Brienne and Jaime become hostages - and friends

Going into season two, Jaime didn't have a great reputation. As far as the audience knew, he was just an incestuous kingslayer who tried to kill a little boy. But his travels in season two, when he and Brienne were captured by Locke and Bolton's men, changed that. If you didn't feel bad for him after Locke chopped off his hand - just after saving Brienne from getting gang-raped - then you at least had to admit he became more likable once he explained why he murdered King Aerys. He did it to save not just his father, but the whole city, which the Mad King wanted to set ablaze with wildfire.

Jaime further redeemed himself by rescuing Brienne from certain death in the bear pit at Harrenhal. It was always clear that Brienne was an honorable person who kept her promises, but it wasn't until she and Jaime were tied up together on a single horse that his sense of moral duty came into focus.

Brienne and Podrick search for the Stark girls

Brienne and Podrick's relationship is like a less foul-mouthed version of the Arya-Hound bond: There's a lot of great one-liners, a bit of killing and the occasional heart-to-heart - but with fewer four-letter words. In such a dark universe, where characters will stop at nothing for a bit of power, the Lady and her squire are a glimmer of light.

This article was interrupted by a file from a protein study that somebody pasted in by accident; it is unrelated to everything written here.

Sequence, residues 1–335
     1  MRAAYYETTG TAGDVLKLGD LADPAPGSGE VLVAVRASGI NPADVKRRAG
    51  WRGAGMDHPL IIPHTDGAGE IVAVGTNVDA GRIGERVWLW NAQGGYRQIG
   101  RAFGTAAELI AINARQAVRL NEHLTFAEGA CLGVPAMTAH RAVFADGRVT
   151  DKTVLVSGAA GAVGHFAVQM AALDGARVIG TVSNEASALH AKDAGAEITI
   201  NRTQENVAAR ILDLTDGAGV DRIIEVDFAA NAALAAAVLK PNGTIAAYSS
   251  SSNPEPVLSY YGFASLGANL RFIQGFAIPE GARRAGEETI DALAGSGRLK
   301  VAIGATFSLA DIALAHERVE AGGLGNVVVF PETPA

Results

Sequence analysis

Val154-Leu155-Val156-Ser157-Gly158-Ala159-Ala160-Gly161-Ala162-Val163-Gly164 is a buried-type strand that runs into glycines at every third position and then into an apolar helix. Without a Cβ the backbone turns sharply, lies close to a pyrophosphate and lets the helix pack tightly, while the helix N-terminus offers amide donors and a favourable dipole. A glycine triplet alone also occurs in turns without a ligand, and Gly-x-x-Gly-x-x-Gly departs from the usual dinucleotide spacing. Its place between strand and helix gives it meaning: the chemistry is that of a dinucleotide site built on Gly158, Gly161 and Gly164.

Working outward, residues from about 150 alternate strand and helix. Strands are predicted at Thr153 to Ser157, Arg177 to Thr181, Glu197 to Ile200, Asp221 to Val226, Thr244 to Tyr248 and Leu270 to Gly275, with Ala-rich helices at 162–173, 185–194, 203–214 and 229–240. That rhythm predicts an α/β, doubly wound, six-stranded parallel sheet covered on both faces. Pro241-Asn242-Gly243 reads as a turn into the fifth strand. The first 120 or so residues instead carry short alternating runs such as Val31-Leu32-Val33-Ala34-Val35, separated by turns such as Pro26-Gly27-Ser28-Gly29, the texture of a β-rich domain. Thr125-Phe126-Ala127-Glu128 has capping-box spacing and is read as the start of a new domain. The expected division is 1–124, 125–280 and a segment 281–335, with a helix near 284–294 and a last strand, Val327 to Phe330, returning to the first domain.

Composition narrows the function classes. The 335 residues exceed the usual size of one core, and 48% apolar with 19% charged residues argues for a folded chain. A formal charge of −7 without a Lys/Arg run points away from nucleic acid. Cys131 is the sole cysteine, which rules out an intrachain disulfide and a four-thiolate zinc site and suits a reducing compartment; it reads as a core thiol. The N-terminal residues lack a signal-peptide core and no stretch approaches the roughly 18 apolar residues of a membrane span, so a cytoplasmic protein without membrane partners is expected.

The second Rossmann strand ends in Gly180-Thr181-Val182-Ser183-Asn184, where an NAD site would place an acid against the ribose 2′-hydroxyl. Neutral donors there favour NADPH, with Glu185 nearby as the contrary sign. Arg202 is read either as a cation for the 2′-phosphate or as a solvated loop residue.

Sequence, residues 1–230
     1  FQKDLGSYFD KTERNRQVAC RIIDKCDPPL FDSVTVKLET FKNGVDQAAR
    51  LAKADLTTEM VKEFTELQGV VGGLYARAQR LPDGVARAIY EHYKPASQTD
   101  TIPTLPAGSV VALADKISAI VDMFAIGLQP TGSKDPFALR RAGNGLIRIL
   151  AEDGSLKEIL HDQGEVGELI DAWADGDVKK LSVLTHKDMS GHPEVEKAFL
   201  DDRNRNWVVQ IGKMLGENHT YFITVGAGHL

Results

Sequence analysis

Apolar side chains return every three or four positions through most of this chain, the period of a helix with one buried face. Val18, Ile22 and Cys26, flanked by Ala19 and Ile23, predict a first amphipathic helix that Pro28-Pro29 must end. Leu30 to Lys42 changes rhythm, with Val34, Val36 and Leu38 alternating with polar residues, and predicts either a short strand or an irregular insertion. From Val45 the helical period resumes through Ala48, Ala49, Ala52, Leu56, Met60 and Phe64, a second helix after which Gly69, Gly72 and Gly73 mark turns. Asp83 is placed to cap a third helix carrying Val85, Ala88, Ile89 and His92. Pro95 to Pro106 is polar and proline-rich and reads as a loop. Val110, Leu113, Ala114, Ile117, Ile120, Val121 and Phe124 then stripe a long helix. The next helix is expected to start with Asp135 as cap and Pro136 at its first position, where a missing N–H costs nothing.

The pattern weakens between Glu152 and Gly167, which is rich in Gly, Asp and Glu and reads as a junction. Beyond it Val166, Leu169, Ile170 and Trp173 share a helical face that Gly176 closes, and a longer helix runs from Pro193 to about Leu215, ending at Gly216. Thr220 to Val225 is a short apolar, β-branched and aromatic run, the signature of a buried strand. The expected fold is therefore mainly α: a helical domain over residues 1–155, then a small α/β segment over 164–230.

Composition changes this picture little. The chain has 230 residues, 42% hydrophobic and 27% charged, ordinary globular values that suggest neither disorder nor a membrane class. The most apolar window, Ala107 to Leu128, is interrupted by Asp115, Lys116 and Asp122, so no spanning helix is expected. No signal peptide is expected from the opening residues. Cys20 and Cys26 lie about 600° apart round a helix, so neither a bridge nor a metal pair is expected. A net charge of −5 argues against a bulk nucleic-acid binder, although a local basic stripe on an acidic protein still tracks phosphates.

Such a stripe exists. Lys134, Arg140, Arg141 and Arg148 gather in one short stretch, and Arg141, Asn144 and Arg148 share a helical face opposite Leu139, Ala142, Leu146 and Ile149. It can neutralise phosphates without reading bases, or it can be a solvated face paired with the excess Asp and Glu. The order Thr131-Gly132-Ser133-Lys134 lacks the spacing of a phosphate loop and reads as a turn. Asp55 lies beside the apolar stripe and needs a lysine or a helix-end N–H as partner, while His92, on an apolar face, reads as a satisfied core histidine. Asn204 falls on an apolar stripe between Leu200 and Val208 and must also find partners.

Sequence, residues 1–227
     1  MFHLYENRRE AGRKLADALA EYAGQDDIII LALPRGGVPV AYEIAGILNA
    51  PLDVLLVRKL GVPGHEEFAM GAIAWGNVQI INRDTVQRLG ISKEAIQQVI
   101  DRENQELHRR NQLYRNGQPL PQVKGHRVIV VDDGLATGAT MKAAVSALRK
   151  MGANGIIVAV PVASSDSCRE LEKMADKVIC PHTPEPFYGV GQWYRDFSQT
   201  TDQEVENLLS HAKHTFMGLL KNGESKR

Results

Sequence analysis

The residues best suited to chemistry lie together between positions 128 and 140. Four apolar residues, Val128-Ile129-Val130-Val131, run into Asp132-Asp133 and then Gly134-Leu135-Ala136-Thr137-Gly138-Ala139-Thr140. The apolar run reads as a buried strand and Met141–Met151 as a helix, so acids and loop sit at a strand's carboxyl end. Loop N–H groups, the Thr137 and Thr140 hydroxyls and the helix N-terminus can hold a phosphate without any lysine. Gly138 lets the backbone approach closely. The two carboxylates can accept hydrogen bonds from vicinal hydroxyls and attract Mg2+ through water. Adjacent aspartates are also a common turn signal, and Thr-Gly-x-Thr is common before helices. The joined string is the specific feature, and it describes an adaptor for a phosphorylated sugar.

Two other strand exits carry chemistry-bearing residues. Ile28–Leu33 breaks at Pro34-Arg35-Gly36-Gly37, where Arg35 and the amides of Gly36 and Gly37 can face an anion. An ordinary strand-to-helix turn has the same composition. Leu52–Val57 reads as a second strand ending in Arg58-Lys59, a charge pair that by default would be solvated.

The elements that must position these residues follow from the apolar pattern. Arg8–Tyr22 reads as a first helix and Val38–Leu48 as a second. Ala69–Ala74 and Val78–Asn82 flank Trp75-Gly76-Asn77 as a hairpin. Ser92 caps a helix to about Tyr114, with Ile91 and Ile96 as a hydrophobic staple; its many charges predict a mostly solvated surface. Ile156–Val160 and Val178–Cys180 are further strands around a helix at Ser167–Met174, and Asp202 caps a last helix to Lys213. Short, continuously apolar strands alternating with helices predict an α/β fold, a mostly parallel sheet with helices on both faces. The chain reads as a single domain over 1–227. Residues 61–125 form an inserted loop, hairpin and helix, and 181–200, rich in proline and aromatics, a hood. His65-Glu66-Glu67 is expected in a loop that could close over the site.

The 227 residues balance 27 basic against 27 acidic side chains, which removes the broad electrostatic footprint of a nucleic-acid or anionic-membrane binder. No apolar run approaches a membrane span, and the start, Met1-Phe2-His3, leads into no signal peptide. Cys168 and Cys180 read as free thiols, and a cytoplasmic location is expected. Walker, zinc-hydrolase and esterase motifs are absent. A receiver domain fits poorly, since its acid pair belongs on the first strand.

Their mission is clear and, although Brienne gives Podrick a hard time, they have a sweet bond that's evolved over time. Podrick started out as the hapless helper of an ice queen, but she's taught him to be a better fighter and even opened up about her vulnerabilities along the way. The pair have also stumbled onto some major action, first when they caught up with Arya and the Hound, and then when they rescued Sansa and Theon from Ramsay Bolton's men and dogs.

Ned and Robert head to King's Landing

The first big journey of the show took place at the beginning of the first season when King Robert persuaded Ned Stark to leave Winterfell and become Hand of the King. On the way to King's Landing, the men took a break so Robert could have a feast, and the old friends had a lengthy conversation that not only set the stage for many plot points to come but also gave the audience a sense of what an upstanding guy Ned was.

When Robert brought up the identity of Jon Snow's mother, Ned's jovial demeanour suddenly shifted.

"She must have been a rare wench to make Lord Eddard Stark forget his honour," Robert said. "You never told me what she looked like."

"Nor will I," Ned responded.

Of course, now we know Jon Snow isn't really Ned's at all, but the son of his sister and Rhaegar Targaryen. Ned would never forget his honour.

When Robert shifts the conversation to doing away with Daenerys Targaryen, who has just wed Khal Drogo, Ned says, "Tell me we're not speaking of this." But Robert is still set on revenge against whatever Targaryens he can find ever since Rhaegar supposedly stole away his betrothed, Lyanna Stark.

The scene ends on an ominous note that predicts the inevitable darkness to come.

"There's a war coming, Ned," Robert says. "I don't know when. I don't know who we'll be fighting, but it's coming."

Sam and Gilly escape the North

Sometimes a journey - especially one north of the Wall - means crossing paths with a White Walker. That's what happened to Sam, who defended Gilly with a dragonglass dagger.

As it turned out, Sam's a pretty heroic guy. But more importantly: Dragonglass kills White Walkers? Well, that's useful information.

 

 - The Washington Post